Will robots one day grow more intelligent than us and proceed to take over the world? Or is the rise of Artifical Intelligence (AI) only a positive thing? Whatever your beliefs, you may be interested to hear that the British Academy is hosting an event at UWE on 1 March 2017 to ask: Does AI pose a threat to society?
Don’t worry, Alan Winfield (pictured above), a Professor of Robot Ethics at the Bristol Robotics Laboratory, assures us this is no conspiracy scare-mongering event: “I hope we can dispel some myths about AI. I mean AI is not going to take over the world, we can be sure of that.”
“If the AI is driving your car and makes a decision and the car crashes, you certainly want an explanation”
This panel-led debate will take place as part of the Robotics, AI and Society based events the British Academy is hosting to get people talking about something that will be a huge part of our everyday life very imminently.
Being such a popular subject, unsurprisingly the event has already sold out, but you can still sign up to the waiting list to try and bag yourself a spot.
In case spaces don’t clear up, though, Alan gave TechSPARK a little insight into what will be discussed on the day. “I’m going to say that we don’t have to fear AI but I’m also going to say that there are issues,” Alan explains. “There are safety and ethical concerns with AI that we do need to be aware of.”
Robots have issues too
We also caught up with Samantha Payne, the co-founder of Open Bionics (pictured left) who is on the panel for British Academy’s event. She says, “Artificial intelligence will affect all of us. It’s important we begin discussions about possible futures now so that we are not caught off-guard and we are prepared to deal with the progress of AI and the effects it will have on jobs, politics, and society.”
Dismissal of this discussion is no longer sustainable as AI is unavoidably entering all of our lives. It has a strong potential to improve the quality of life for many, but we shouldn’t ignore people’s concerns.
Samantha explains, “As the appetite for automation grows it’s prudent to begin planning for a future where it is a pervasive part of our daily lives. Robots will help to look after the elderly, will serve us food and drinks, will deliver our mail, and will work across all industries.
“A perfect example of this growth is Amazon. The number of robots in Amazon warehouses: 2013: 1K, 2014: 15K, 2015: 30K, 2016: 45K. Who holds responsibility for employees affected by this job loss? I don’t have the answer, but I know we need to think about it and start working on solutions now.”
- You may like: Open Bionics’ Sammy Payne at TechCrunch Disrupt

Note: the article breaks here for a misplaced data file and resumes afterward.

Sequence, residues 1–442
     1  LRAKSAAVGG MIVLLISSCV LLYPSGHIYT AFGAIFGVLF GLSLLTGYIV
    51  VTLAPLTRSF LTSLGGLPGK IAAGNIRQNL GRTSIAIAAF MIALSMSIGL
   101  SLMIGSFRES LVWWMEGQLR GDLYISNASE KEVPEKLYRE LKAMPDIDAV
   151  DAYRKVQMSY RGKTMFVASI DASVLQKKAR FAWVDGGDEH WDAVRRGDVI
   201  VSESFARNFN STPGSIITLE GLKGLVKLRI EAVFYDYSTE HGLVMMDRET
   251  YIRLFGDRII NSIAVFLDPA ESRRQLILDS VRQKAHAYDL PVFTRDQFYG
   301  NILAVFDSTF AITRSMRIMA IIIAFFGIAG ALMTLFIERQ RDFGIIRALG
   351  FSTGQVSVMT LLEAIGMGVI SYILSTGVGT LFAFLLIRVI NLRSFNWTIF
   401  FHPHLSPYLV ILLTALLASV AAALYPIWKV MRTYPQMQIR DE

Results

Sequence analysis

Robots ‘stealing’ our jobs is a central point for opposers of AI. As Samantha explains, “We’ve just seen how the promise of jobs can affect an election. But, the promise of jobs is a bit of a fallacy. Sure, factories can be great again, but the jobs will be fulfilled by robots rather than voters. Do voters know this?”
Some argue the use of collaborative robots, AI that works harmoniously alongside humans, dispels this fear, as does the notion that new robot factories would also create more jobs for people.
AI standards needed?
Alan tells us he is particularly keen to discuss the issue of lucidity within AI. He explains, “I’m now chairing a new standards group within the IEEE which is going to be drafting a new standard on transparency. It’s calling for a higher level of this, which traditionally we’ve not had in autonomous systems, especially in AI.”
This is a hot topic at the moment, especially since talk of a new European law set to be passed in 2018 will give people the right to an explanation when AI has made a certain decision which affects you.
“It’s truly a transformative technology so we’re going to be hearing about it a lot more”
Alan backs plans for this. He says, “Imagine the AI has made a decision about your loan application or a medical diagnosis; if that affects you, then you should have the right to an explanation. It could be even more critical, I mean if the AI is driving your car and makes a decision and the car crashes, you certainly want an explanation.”
He adds, “AI is promising to be such a pervasive technology that we need to regulate it. I think regulation is important. At the moment it’s very difficult to prove these systems always make the right decision and, more fundamentally, are safe.”
The threat of AI is a highly prevalent discussion at the moment, so there’s no shortage of things to get involved in. While the British Academy is holding a series of like-minded events across the country, there are other ways to be a part of the discussion closer to home. You can sign up to the South West Futurists meetup group that addresses AI, ethics and behaviour and Samantha also tells us: “Bristol Girl Geek Dinners often have talks including AI, robotics, and programming.”
She adds, “There’s an artificial intelligence reading group based at UWE and most robotics/ tech events will now have speakers on AI. It’s truly a transformative technology so we’re going to be hearing about it a lot more.”